Albuquerque Basin Volcanic Field


Location: 35.2° N, 106.8° W, Bernalillo County
Type: Basaltic fissure eruptions & scoria/spatter cones
Age: 190,000 to 200,000 years
Significance:

Linear fissure, young age, unusual vent structures, and proximity to a large city



Overview

The Rio Grande rift is segmented into a series of basins. The Albuquerque basin is one of these basins. It is bounded on the north by the La Bajada fault, which defines the southern margin of the Espanola basin, and to the south by the Socorro constriction.

Volcanism is widely distributed throughout the ABQ basin. Although most of the area covered by volcanic rocks is basaltic, andesitic and more silicic compositions are represented in local centers and within the basin fill at depth. This means that volcanism appears minor and recent, but in reality much of the volcanism is not represented at the surface but has instead been buried by continual filling of the Albuquerque basin segment of the Rio Grande rift over the past several million years.

Albuquerque Volcanoes

The Albuquerque Volcanoes exhibit many unique volcanic features if you know where to look. For example, the larger cones appear to have swelled during their final stages. This resulted in radial cracks on the sides of the cones. In places the interior cinder has been exposed beneath the "carapice" of spatter and lava that coats the cone. Gradual weathering of the loose cinders in these places has caused cavernous holes. These look like lava tubes but actually were formed by a different process.

Two humps on the south side of Vulcan are actually baby volcanoes. You can stand on their tops and actually see the craters surrounded by outward-dipping spatter and lava.

The Albuquerque Volcanoes are the source of lavas that make up the Volcano Cliffs. Judging from the high cliffs at the edge of the lava field, one might suppose that the Volcanoes are old. But the Volcano Cliffs, as they are known locally, formed only because the Rio Grande flowed near the edges of the lava flows at one time and undercut them.

Few large cities in the United States have young volcanoes near them as does Albuquerque. The Albuquerque Volcanoes are geologically young (about 200,000 years old) such that many details of small eruptions are well preserved.

They are also an excellent example of the results of a "fissure eruption" in which a "curtain of fire" erupts from a long, linear crack. Fissure eruptions like the Albuquerque Volcanoes are common in many parts of the world, particularly oceanic island volcanoes, but are not as well-expressed throughout much of the Southwest.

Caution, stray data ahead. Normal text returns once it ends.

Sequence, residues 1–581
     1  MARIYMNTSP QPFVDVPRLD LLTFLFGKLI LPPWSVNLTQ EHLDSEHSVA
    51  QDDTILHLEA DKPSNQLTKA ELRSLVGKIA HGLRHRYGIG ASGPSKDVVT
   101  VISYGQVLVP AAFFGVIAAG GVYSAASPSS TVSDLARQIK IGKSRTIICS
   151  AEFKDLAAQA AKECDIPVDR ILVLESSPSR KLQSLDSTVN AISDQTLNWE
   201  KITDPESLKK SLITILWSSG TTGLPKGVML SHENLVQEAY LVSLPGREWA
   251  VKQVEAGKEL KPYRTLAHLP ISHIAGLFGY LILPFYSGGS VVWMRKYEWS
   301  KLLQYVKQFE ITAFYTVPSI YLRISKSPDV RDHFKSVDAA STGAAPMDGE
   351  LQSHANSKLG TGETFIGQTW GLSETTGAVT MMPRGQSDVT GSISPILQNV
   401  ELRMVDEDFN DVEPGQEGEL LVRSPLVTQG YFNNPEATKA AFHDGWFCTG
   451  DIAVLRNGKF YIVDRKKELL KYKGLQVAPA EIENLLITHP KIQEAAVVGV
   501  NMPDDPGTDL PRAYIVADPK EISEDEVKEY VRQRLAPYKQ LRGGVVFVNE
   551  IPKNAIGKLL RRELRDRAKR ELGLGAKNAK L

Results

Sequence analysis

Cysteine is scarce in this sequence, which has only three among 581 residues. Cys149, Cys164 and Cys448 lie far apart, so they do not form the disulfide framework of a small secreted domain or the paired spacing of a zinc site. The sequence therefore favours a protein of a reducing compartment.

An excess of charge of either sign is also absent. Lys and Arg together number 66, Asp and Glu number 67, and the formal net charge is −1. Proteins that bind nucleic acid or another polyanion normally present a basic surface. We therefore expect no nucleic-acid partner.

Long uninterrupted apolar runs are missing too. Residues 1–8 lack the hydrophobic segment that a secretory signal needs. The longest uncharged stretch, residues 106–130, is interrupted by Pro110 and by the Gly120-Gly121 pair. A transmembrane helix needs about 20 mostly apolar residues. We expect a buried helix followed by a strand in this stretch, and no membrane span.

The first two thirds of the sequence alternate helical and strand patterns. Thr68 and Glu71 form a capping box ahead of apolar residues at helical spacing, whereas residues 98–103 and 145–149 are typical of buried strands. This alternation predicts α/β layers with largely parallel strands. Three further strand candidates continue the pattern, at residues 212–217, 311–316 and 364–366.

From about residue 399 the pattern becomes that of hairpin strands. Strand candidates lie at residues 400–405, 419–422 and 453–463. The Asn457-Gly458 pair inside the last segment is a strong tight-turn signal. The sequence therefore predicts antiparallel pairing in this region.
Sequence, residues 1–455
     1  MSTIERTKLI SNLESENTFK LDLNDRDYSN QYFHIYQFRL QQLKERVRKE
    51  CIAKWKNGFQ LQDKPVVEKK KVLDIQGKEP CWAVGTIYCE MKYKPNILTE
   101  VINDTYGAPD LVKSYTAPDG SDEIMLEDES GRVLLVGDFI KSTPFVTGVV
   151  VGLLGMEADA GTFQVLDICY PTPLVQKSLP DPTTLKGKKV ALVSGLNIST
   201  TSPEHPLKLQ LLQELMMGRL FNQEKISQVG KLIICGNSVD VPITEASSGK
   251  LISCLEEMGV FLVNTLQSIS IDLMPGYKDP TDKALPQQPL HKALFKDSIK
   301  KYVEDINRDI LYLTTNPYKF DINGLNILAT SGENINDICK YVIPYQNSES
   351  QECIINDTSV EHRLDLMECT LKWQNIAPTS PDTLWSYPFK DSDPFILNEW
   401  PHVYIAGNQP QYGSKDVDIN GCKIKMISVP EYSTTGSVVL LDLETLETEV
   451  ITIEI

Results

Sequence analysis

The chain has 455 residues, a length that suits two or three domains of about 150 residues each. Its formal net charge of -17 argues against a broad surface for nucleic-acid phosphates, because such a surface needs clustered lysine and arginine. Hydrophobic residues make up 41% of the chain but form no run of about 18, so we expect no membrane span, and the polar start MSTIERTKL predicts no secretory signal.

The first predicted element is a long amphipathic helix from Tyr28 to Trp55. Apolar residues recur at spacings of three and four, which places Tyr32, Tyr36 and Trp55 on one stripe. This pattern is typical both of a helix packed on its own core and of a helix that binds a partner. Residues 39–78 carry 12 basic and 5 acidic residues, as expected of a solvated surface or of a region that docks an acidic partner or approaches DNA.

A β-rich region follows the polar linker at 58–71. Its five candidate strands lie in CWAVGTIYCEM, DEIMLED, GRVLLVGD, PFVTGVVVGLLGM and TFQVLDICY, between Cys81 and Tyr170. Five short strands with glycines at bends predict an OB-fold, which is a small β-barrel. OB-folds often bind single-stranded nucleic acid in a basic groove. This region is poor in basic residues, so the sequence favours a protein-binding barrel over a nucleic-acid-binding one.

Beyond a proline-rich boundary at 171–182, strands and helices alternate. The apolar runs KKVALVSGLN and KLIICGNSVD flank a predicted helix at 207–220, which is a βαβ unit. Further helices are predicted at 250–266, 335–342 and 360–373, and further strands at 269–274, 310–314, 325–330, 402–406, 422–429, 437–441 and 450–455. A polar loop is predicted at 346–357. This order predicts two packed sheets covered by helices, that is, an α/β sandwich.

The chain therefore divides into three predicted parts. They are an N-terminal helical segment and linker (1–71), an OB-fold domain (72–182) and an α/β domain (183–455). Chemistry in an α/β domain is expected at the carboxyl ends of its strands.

Fissure eruptions form because molten rock, or "magma", tends to rise along vertical cracks. When the cracks reach the surface, they cause long surface fissures.  Lava and ash then erupt from the fissure. As magma quickly cools and solidifies along most of the crack, only a few points continue to erupt. Small cones of ash, spatter, and lava are built as these points of eruption continue. The Albuquerque Volcanoes we see today are the result of a fissure eruption associated with the Rio Grand rift.

 Distinct volcanos in the greater Albuquerque area

Cat Hills Volcanic Field

Tome/Black Butte/Los Pinos Volcanos

San Felipe Volcanic Field

Socorro Active Magma Body

Lucero Volcanic Field

 


 

photo credit: Larry Crumpler

 


Frequently Asked Questions

1. How old are they?

The Albuquerque Volcanoes are as young as 140,000 years. This is very young by the standards of geologic time. Volcanoes younger than 200,000 years in the Southwest are all very well preserved and look much like they did immediately after they erupted.

Rather than erupting individually like many small fields of volcanoes in the Southwest, the Albuquerque Volcanoes all formed simultaneously. This is because they all erupted from the same fissure eruption. The actual eruption probably took place over a period of months to years. To the south and west of Belen and Los Lunas there is another series of cinder cones called the Cat Hills volcanoes. These are slightly younger and consist of more typical cinders and agglomerate.

2. Will they erupt again?

Small volcanoes do not reactivate like big volcanoes, but the area around Albuquerque remains potentially active, mainly because of its location in the Rio Grande Rift. A new volcano could erupt, if not along the Albuquerque Volcanoes, at least somewhere within the rift.

One of the larger earthquake swarms in New Mexico occurred in 1972 beneath the Volcanoes. There is no particular evidence that this was new magma moving up a crack. Instead, the earthquake swarm may have been re-adjustments of dikes and faults at great depth as the deeper portions of the dike continue to cool and contract.

Many people visiting the Volcanoes in the winter months have noticed "warm" air in the caves. This is probably not "volcanic heat", but instead is ambient air trapped in subsurface that feels warm compared with the cold outside air. If one were to visit the same caves during the summer, one would find them cool compared with the outside air. The caves simply record the temperature of Albuquerque "averaged" over a year, which is around 55 degrees F, a temperature that feels warm in the winter and cool in the summer.

3. How did they form?

If you were to look down on the Albuquerque Volcanoes (Figure 1) you would see that they are arranged in a nearly straight line. This also is apparent if you stand on top of one volcano and look across to the next one (Figure 2). This is simply because they erupted along a fracture in the crust. Fractures of this type along which eruptions take place are referred to as "fissure eruptions". Many of the eruptions in Hawaii are fissure eruptions in which the fissures frequently extend outward from summit craters or calderas. The fractures in Hawaii are thought to result from the gradual sliding of parts of the sides of the large volcanoes that make up the Hawaiian islands.